Even things that aren't directly connected to the Internet still get connected to other machines that are, or read disks/flash sticks from machines that are.

seems like over kill for cyber wars (1)

Joe_Dragon (2206452) | about a year ago | (#42122221)

seems like over kill for cyber wars.

Can do the same in small scare and you can even crash some model trains as part of some missions.

The military guys still don't get it (1)

Hentes (2461350) | about a year ago | (#42122265)

Looks like the generals want to solve the hacker threat in the traditional ways, trying to get some soldiers learn to hack. God forbid they trust civilian whitehats.

Re:The military guys still don't get it (1)

LennyDotCom (26658) | about a year ago | (#42123027)

Looks like the generals want to solve the hacker threat in the traditional ways, trying to get some soldiers learn to hack. God forbid they trust civilian whitehats.

(God forbid they trust civilian whitehats.)

Who do you think they are recruiting right now?
Need a job?

Re:The military guys still don't get it (1)

elucido (870205) | about a year ago | (#42128863)

Looks like the generals want to solve the hacker threat in the traditional ways, trying to get some soldiers learn to hack. God forbid they trust civilian whitehats.

Trust shouldn't be in the equation when you're talking about cyberwar and hacking. It's more who has the skills and who is competent? The human being cannot be trusted in any information security equation or scenario as the human being is always the weak link. That is one of the first things you should learn.

"Kinetic effects" (1)

Cid Highwind (9258) | about a year ago | (#42122627)

That's "killing people and breaking stuff" to you and me.

Re:"Kinetic effects" (0)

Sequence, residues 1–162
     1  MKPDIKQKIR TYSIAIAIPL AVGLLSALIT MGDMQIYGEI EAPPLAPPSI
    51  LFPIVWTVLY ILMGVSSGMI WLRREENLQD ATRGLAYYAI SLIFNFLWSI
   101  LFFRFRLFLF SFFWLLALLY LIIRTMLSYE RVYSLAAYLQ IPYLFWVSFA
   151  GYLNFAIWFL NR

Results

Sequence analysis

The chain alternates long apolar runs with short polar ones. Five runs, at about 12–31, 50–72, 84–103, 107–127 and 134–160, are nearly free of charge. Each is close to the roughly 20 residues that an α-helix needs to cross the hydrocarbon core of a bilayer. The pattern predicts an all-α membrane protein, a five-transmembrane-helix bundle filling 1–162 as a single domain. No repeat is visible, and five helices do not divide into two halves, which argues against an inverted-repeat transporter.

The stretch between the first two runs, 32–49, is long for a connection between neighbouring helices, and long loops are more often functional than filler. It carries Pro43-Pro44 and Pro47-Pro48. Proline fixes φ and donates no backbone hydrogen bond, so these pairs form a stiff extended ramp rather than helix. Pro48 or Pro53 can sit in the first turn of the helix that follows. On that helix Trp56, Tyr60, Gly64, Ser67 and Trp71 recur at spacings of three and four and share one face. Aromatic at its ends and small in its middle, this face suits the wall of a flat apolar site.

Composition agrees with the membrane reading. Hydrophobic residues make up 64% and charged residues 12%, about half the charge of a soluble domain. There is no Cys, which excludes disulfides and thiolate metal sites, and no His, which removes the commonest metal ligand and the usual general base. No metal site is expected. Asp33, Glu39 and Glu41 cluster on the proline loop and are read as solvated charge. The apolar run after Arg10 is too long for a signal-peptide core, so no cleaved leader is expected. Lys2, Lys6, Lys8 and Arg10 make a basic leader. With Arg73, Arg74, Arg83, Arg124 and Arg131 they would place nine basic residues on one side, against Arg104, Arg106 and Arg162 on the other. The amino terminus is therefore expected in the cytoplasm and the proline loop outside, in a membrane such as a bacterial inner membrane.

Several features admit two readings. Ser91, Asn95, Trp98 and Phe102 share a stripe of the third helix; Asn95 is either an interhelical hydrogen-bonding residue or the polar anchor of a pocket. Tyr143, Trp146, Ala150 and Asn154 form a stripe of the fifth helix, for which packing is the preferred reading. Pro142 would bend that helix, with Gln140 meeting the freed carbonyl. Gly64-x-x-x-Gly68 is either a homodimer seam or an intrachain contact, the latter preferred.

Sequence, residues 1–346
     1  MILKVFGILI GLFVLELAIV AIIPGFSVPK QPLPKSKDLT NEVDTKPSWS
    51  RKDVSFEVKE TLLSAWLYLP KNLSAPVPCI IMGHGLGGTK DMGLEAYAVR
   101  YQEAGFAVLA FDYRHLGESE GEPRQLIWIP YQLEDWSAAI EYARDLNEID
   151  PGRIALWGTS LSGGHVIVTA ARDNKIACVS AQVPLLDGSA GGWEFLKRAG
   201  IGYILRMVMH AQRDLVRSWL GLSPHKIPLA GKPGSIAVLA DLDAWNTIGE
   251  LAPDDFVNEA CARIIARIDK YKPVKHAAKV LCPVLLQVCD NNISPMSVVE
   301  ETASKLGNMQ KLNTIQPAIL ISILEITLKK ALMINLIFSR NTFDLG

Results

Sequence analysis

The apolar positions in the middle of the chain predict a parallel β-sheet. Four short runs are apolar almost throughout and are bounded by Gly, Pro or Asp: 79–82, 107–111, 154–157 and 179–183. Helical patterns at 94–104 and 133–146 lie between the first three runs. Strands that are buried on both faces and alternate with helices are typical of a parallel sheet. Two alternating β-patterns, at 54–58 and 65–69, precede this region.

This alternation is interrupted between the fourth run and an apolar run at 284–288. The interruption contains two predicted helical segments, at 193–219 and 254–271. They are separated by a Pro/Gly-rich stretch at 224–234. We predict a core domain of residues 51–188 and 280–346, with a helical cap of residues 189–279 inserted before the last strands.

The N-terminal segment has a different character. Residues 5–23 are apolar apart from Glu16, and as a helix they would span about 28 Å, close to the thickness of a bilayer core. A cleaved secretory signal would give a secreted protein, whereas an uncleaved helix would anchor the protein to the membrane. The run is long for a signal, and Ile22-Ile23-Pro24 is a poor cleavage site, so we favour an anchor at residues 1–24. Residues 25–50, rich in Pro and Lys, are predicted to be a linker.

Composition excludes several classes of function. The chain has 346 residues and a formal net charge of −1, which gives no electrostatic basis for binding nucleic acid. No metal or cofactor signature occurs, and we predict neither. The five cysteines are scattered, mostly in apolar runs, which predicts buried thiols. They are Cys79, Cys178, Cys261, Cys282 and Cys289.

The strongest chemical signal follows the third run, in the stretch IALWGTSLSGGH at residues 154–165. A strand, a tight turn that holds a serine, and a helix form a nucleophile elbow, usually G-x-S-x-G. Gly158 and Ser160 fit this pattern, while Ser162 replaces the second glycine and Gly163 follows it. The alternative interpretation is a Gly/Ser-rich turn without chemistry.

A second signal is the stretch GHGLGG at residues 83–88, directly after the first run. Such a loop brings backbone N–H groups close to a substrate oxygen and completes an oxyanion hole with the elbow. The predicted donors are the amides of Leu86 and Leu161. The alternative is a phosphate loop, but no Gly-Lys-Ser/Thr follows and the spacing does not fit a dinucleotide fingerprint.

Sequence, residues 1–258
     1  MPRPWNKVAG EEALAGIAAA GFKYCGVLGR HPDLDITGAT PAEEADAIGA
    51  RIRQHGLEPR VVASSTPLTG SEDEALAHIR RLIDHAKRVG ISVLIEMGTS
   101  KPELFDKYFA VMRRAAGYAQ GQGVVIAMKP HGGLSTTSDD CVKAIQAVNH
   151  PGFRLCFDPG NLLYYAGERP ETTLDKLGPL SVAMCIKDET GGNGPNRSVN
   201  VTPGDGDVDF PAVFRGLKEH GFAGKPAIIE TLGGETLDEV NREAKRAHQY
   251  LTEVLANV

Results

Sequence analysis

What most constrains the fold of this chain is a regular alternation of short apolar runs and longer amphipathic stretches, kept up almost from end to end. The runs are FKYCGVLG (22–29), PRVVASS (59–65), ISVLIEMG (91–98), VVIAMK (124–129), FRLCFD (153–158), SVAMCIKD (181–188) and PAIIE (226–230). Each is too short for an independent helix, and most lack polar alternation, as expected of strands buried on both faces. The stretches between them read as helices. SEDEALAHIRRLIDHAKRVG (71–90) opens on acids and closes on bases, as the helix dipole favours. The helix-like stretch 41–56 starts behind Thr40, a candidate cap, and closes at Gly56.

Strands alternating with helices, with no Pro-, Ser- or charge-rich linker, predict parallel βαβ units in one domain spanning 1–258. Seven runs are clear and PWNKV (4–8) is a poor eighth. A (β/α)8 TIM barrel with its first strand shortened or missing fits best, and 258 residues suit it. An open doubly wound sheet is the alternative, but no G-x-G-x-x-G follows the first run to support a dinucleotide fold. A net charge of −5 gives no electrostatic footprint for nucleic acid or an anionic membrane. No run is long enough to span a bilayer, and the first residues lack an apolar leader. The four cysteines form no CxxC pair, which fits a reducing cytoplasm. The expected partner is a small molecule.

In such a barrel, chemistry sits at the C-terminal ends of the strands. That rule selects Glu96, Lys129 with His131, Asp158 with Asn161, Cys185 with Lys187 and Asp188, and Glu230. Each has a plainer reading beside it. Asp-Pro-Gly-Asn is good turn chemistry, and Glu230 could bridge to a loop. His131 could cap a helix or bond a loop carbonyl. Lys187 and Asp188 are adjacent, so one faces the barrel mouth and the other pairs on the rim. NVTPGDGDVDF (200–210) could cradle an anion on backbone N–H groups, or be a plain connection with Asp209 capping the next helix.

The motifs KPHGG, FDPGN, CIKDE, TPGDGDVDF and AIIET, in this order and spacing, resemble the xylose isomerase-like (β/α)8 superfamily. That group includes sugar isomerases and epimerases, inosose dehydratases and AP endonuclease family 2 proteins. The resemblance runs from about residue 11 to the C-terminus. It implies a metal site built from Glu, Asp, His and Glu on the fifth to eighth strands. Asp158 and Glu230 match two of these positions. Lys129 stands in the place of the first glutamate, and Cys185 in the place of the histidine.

Anonymous Coward | about a year ago | (#42128581)

That's "killing people and breaking stuff" to you and me.

That is the only activity where the US now excels.

Close to the New Jersey turnpike? (1)

Strykar (1161463) | about a year ago | (#42122801)

Sounds like a secure place. I mean, if that won't slow them, they're screwed anyway.

Re:Close to the New Jersey turnpike? (2)

Bryansix (761547) | about a year ago | (#42124191)

In "Being John Malkovich" you would shoot out onto the side of the New Jersey Turnpike once you got kicked out of his brain.

Nocturnal e-missions (0)

Anonymous Coward | about a year ago | (#42126759)

The be particularly good at nocturnal e-missions.
Is the wet head still dead?

Check for New Comments
Slashdot Account

Need an Account?

Forgot your password?

Don't worry, we never post anything without your permission.

Submission Text Formatting Tips

We support a small subset of HTML, namely these tags:

  • b
  • i
  • p
  • br
  • a
  • ol
  • ul
  • li
  • dl
  • dt
  • dd
  • em
  • strong
  • tt
  • blockquote
  • div
  • quote
  • ecode

"ecode" can be used for code snippets, for example:

<ecode>    while(1) { do_something(); } </ecode>
Sign up for Slashdot Newsletters
Create a Slashdot Account

Loading...